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Opinion: Going holiday shopping with chatbot

Eyes & Ears

Posted online

This column is about the convergence of technology and Christmas. Gift-giving, to be exact, assisted by artificial intelligence. That’s right, think high-tech Santa (cue visual of a slenderer St. Nick on a faster sled).

If AI and chatbots can be put to work for marketing, customer engagement, lead generation and business automation, why not shopping for Christmas gifts? Could be for a family member, supervisor or co-worker. I started searching for something for a child.

Instead of driving the car to peruse multiple retailers, I first logged in to ChatGPT 3.5.

Me: best Christmas gifts for son who loves soccer, thrifting, and hanging with friends

ChatGPT: It’s great that you know your son’s interests!

Me: Thank you (blushing)

The bot seems more personal than when we last chatted. Here are the gift ideas, with my thoughts weaved in; let’s see what we learn about the tech.

For soccer, ChatGPT suggested a soccer ball with his favorite team’s logo, a personalized jersey and soccer cleats or athletic socks.

Interestingly enough, we just replaced his soccer boots. But I’m surprised the bot didn’t mention the high-tech soccer balls on the market that track a player’s touches, the ball’s spin and trajectory and even keeps score in 1:1 matches with a friend. The tech tool overlooked a tech gift. Score: Human 1, Bot 0.

After this, there were six other gift categories. ChatGPT dubbed the next as Thrifting Treasures: Vintage soccer jerseys or sportswear from thrift stores. Look for unique and rare finds, a stylish thrifted jacket or hoodie that suits his taste and a vintage soccer poster or memorabilia to add to his collection.

These seem obvious and not too helpful. And I’m surprised here it didn’t veer much from the soccer theme. Maybe it’s just warming up; the vintage jersey idea nets an equalizer: Score: Human 1, Bot 1.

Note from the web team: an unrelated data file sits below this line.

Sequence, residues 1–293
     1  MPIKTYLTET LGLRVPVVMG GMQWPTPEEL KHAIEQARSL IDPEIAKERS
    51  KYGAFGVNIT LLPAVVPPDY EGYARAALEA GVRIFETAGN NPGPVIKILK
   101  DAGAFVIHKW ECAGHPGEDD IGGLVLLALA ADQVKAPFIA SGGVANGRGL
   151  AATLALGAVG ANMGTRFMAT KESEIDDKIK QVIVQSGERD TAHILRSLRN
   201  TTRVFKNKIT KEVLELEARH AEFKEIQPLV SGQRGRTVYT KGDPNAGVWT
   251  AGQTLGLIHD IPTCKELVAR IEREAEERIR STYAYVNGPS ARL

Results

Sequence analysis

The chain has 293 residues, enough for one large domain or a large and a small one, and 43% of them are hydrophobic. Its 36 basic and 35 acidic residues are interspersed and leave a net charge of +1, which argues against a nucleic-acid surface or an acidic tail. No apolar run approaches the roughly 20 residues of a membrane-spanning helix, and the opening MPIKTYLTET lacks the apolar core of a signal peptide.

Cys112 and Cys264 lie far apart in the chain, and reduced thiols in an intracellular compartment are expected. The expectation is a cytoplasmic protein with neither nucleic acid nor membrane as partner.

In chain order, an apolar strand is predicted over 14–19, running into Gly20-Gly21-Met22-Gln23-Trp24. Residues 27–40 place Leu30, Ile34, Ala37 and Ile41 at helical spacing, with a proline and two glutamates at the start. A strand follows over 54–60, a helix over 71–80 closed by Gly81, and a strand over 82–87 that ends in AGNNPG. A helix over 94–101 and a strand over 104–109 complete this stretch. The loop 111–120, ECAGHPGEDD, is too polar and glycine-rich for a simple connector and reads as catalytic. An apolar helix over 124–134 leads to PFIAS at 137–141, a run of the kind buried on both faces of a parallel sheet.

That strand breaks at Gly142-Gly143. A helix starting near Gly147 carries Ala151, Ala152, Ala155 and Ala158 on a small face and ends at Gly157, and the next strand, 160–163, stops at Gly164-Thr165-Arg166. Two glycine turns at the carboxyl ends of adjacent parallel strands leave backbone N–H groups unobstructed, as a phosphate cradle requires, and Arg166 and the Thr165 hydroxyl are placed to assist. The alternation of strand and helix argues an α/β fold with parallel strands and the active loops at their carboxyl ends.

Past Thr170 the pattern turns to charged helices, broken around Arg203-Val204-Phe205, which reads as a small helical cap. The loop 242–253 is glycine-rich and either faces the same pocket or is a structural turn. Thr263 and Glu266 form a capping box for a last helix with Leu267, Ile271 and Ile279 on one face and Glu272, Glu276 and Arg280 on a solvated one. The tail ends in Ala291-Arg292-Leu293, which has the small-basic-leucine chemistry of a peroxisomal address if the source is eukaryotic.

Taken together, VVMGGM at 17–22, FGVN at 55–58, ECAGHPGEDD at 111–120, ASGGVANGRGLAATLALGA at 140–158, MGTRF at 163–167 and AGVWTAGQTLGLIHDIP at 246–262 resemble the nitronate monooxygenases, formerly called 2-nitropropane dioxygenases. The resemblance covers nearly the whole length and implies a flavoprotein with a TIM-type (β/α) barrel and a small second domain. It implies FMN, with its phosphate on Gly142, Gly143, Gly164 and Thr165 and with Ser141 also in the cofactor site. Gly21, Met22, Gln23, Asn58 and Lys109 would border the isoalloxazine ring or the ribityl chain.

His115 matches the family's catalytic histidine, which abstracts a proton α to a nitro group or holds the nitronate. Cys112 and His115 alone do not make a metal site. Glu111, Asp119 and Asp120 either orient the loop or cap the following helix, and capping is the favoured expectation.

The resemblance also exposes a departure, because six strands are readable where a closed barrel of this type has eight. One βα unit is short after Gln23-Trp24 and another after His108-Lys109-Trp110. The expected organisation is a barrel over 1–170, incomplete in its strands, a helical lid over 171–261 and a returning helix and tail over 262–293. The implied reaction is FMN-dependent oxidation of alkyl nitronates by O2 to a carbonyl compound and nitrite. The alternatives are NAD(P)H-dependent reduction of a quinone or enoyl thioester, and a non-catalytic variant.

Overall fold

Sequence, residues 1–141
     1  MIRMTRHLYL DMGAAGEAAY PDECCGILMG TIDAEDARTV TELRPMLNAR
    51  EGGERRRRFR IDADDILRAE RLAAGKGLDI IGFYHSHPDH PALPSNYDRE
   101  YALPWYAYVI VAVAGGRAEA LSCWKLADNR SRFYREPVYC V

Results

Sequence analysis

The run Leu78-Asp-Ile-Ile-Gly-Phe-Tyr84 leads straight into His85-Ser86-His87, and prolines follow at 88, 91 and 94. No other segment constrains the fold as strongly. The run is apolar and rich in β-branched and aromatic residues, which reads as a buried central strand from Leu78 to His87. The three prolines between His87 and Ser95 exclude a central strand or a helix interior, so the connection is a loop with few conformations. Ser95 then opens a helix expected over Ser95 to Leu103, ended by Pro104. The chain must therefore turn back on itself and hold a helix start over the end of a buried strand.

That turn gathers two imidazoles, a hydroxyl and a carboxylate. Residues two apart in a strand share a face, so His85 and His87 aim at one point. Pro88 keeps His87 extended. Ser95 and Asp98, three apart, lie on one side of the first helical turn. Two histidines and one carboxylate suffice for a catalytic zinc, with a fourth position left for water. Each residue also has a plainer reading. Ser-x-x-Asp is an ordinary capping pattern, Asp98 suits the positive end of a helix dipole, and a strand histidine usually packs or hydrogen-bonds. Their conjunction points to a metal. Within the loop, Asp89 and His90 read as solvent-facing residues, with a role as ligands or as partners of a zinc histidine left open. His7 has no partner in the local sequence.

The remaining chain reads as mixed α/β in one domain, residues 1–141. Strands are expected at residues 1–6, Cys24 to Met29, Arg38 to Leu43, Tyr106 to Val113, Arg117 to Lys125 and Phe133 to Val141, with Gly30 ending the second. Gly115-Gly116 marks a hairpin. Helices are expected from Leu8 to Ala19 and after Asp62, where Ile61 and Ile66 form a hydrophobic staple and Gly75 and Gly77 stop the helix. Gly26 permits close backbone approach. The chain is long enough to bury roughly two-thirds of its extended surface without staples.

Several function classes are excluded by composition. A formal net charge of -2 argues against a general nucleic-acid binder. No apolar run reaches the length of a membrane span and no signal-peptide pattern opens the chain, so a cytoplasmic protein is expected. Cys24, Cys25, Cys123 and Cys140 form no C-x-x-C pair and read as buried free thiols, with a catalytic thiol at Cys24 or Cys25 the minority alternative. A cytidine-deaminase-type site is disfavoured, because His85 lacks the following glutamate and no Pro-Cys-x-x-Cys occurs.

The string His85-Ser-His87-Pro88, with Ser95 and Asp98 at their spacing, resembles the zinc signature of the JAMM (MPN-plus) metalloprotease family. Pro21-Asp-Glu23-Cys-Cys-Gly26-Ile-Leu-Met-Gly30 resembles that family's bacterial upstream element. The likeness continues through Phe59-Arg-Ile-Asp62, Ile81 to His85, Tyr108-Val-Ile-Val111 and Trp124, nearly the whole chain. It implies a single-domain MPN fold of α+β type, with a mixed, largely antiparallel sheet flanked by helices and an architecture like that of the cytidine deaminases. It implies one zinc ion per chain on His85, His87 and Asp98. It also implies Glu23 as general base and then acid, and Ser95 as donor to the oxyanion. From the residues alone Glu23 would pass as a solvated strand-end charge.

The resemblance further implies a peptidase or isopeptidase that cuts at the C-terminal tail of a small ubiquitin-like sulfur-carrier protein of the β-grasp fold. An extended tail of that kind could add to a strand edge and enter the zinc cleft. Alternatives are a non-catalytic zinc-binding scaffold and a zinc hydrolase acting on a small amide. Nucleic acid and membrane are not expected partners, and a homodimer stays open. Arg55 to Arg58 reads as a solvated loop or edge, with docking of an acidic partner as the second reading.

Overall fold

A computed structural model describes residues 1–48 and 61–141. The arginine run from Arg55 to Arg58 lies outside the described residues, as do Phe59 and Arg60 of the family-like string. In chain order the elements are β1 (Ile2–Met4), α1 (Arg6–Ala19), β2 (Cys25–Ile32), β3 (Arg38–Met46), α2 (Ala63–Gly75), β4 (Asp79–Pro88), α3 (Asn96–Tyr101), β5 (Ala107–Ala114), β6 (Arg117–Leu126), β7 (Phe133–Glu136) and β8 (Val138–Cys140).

The next category, Hangout Essentials, provided a winning idea: portable Bluetooth speaker for playing music during hangouts. The other ideas were boring and repetitive, signaling a draw this round: Score: Human 1, Bot 1.

The next two covered Personalized Items and Experience Gifts. These ideas were a mixed bag between the lame (engraved friendship bracelet), the cool (customized soccer-themed phone case) and the confusing (what is a personalized thrifting mug?). We’re still even: Score: Human 2, Bot 2.

The AI shopping spree finishes with these two: Subscription Services and DIY Gifts. The most unique gift to me came out here: “Thrift store subscription box that delivers unique finds to his doorstep regularly.” I hadn’t heard of this service – only for new threads – and I find it pretty clever. Though it could mean a lot of other people’s junk. And I give props for the do-it-yourself suggestions (one was a scrapbook with memories of his soccer achievements and moments with friends), a nice touch even if it’s not one’s personal gift-giving style.

I’d say ChatGPT came in clutch: Final: Human 2, Bot 3.

In the end, it was a fun and practical exercise – a good starting place for human intervention to follow. That seems to be the theme with these chatbot applications in business and personal life.

Christmas budget
The other side of Christmas gifting is the expense.

Springfield Business Journal asked readers last month what they budgeted for gifts this holiday season. Most people, at 35%, said they’d spend up to $1,000 and another 24% were keeping it under $500. But a healthy 23% planned to spend up to $5,000, giving a nod to the affluency of the SBJ audience. And it’s worth noting 11 people in the poll have budgeted over $10,000 this Christmas.

What about inflation? Or maybe that’s the reason some budgets are high.

According to the annual Christmas price index produced by PNC Bank, the cost to purchase each item named in “The Twelve Days of Christmas” song rose 2.7% in 2023. But it seems that’s a savings compared with last year’s 10.5% increase.

While the origins of the Christmas anthem go back hundreds of years, this is the 40th year of the whimsical PNC Christmas price index.

And if you’re wondering how much it’d set you back to give your true love one set of each of the gifts given in the song, that’d be $46,729.86. You can blame it on the 10 lords-a-leaping, the most expensive at an estimated $14,539, while the two turtle doves were hardest hit by inflation, up 25%.

But can you really put a price on gifts for loved ones? Happy holiday shopping.

 Springfield Business Journal Editorial Vice President Eric Olson can be reached at


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